Trails and roads were also damaged by the fire and floods of 2013. The Harris Springs Road, a backcountry dirt road, required rebuilding. During the restoration, culverts were fixed and added to allow water to flow underneath. To learn more about Harris Springs roads and their unique history, visit our Off-Roading in Harris Springs article. The Harris Springs Road leads adventurists and hikers to the Harris Mountain Road, Griffith Peak trail, the South Loop trail, and Charleston Peak.

Forest Service crews digging and installing culverts on the Harris Springs Road

In September 2020 the Griffith Peak Trail reopened. The Griffith Peak Trail had been damaged by the fire and floods, making it unsafe for hikers, and was closed since 2013. Friends of Nevada Wilderness staff and volunteers gave over 4500 hours in time and removed 200 fallen trees to rebuild the Griffith Peak Trail. Putting in the hard work to recover the trails gives visitors renewed access to this beautiful and serene mountain landscape.

Lots of new informational and wayfinding signage was installed or replaced. New Forest Service road markers have been installed to help visitors stay on the official roads. Use the MVUM maps along with these signs to keep you on the right road. Friends of Nevada Wilderness, Forest Service, and volunteers also worked together to design and install 3 information kiosks on the Harris Springs and Harris Mountain roads. These kiosks help visitors learn about the history and importance of the Spring Mountain Recreation Area, see a map of the backcountry roads, and get tips on how to protect the area with Leave No Trace principals.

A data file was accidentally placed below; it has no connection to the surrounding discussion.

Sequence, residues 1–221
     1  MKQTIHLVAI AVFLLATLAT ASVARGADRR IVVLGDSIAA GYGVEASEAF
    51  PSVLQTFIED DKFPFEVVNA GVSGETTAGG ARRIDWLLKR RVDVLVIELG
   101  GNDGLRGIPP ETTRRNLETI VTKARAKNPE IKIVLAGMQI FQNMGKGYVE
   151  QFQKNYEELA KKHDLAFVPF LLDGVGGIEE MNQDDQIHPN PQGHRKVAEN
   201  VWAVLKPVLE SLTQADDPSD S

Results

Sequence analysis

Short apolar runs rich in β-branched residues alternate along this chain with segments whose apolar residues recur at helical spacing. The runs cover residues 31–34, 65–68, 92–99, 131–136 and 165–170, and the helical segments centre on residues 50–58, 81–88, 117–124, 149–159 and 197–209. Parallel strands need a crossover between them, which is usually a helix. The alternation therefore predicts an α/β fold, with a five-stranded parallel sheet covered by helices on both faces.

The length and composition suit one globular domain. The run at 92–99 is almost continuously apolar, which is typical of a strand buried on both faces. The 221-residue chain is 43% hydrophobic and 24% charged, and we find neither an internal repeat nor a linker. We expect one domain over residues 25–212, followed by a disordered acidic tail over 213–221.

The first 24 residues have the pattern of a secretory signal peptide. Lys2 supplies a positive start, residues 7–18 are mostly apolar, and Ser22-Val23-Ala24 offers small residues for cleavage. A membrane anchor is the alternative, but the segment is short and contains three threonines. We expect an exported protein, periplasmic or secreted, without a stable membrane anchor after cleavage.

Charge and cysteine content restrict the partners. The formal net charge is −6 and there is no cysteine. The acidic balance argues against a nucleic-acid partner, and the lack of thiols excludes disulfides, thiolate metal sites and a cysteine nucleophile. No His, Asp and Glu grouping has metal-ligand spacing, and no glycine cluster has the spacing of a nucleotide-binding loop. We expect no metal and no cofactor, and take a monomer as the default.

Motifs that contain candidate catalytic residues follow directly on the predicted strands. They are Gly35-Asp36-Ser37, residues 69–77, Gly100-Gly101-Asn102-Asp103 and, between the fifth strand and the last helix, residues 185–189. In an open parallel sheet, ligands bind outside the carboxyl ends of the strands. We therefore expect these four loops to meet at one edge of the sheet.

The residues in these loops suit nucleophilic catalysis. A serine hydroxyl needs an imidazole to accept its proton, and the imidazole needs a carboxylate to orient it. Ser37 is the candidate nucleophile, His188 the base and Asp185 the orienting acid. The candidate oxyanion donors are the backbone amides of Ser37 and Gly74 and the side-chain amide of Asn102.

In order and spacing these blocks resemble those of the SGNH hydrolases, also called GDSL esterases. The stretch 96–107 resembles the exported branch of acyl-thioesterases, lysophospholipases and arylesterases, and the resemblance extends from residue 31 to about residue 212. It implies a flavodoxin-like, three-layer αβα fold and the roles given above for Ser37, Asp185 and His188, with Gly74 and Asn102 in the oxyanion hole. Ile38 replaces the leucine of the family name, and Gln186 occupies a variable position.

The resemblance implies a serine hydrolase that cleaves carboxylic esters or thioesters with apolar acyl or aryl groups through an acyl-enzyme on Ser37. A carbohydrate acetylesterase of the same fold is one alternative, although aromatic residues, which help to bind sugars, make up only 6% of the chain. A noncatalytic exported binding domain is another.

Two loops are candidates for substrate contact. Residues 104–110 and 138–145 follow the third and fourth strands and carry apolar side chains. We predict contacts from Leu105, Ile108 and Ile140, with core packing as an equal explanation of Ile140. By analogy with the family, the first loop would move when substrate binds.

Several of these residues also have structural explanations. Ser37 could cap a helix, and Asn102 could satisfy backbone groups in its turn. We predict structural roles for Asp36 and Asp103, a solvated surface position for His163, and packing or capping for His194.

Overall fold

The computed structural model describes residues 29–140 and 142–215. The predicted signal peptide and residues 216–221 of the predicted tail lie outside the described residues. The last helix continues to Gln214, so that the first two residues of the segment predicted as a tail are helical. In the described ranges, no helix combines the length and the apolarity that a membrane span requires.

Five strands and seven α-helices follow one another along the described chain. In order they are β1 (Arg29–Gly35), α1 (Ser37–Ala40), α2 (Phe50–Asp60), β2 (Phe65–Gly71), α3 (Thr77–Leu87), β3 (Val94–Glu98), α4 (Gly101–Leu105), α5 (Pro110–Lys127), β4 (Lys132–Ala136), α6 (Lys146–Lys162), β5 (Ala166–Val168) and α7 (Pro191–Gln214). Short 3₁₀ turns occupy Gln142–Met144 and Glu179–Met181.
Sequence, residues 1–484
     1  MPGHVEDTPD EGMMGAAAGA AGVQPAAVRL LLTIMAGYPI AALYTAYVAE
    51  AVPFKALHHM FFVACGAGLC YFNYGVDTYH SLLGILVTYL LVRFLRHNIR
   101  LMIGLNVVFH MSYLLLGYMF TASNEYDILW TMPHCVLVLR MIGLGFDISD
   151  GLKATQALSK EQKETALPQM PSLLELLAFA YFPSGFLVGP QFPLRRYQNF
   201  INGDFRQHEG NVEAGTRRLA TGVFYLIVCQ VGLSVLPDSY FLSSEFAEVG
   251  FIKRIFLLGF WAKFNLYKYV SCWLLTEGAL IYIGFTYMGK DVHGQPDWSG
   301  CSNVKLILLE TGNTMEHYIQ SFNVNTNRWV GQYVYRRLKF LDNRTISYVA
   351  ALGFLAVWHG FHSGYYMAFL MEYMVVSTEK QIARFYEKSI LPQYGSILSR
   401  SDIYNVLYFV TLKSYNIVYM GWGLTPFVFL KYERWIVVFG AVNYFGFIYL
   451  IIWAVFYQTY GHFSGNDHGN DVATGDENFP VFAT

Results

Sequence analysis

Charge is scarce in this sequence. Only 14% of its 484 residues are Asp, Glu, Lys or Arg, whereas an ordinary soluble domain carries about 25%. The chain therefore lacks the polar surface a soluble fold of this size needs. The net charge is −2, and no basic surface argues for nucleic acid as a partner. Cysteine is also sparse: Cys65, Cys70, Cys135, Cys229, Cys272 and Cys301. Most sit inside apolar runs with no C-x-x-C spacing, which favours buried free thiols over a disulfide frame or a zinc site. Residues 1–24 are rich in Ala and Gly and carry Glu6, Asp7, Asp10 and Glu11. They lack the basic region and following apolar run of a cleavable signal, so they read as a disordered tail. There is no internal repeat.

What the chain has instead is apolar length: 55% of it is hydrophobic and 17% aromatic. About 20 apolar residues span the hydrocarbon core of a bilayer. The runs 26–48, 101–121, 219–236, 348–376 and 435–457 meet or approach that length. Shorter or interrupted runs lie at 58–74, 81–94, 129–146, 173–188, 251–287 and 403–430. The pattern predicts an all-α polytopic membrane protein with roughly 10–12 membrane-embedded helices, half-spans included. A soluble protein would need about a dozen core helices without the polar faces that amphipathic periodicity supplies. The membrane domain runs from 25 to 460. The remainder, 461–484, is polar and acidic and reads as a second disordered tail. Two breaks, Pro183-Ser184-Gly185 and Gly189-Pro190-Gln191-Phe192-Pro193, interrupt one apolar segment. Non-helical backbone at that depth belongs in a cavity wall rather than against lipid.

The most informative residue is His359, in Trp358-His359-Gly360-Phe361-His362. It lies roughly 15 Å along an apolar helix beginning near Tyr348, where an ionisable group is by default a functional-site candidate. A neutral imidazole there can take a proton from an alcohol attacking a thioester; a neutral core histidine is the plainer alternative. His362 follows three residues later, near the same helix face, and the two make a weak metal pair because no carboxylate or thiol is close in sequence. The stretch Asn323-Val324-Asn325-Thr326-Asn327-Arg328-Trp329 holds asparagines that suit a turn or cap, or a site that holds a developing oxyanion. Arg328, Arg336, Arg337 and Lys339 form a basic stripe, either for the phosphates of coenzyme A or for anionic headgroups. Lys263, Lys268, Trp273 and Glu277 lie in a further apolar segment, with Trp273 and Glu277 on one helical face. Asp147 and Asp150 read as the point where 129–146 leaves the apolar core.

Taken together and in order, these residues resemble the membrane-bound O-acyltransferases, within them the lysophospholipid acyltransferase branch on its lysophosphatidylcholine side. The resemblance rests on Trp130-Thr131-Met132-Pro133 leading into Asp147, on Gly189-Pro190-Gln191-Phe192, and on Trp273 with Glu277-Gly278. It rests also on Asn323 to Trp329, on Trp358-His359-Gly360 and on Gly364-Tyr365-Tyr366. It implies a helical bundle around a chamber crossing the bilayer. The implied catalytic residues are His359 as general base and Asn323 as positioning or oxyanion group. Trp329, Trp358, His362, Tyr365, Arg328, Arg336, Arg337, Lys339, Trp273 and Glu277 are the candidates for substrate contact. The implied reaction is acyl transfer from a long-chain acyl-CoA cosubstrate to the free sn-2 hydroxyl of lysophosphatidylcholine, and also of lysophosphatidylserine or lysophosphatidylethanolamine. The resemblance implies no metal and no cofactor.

Friends of Nevada Wilderness, volunteers, and Forest Service created kiosks to help visitors recreate safely in Harris Springs Canyon. (Photographer Peter Sbraccia, Friends of Nevada Wilderness)

The backbreaking work done on the canyon hillsides by multiple Forest Service, nonprofit, and volunteer crews to stop excess water flow, repair the trails and roads, and plant native plants benefits visitors to the Spring Mountains as well as the residents of Las Vegas, giving them a place to enjoy the scenic beauty, have fun off-roading, and preserve cultural history. This work helped repair the Harris Springs watershed while protecting the residents downstream by limiting the chances of another massive flood event.

You can help the Harris Springs Canyon Watershed recover too!
Join one of the volunteer projects organized throughout the year by groups such as Go MT Charleston with Southern Nevada Conservancy, Friends of Nevada Wilderness, and the Great Basin Institute.

Going on an adventure? Here’s ways you can help the mountain heal!
• Let plants grow! Picking flowers or pinecones in burned areas removes precious native seeds.
• Wash those boots of mud and dirt and don’t give weeds a free ride!
• Pack it in, pack it out. This means to take everything you came with, with you back home. There’s no trash service in the backcountry.
• Follow the Leave No Trace Seven Principles
• Plan Ahead and Prepare: Maps & Guides
• Travel and Camp on Durable Surfaces
• Dispose of Waste Properly
• Leave What You Find – from rocks to pine cones to flowers to wildlife
• Minimize Campfire Impacts – stop a potential wildfire
• Respect Wildlife
• Be Considerate of Other Visitors

Planning to go off-roading at Mount Charleston? Check out this article all about off-roading and how you can protect the Harris Springs Canyon!

Prevent the next wildfire! On your camping or outing trip please check local fire information to see if you can have a campfire: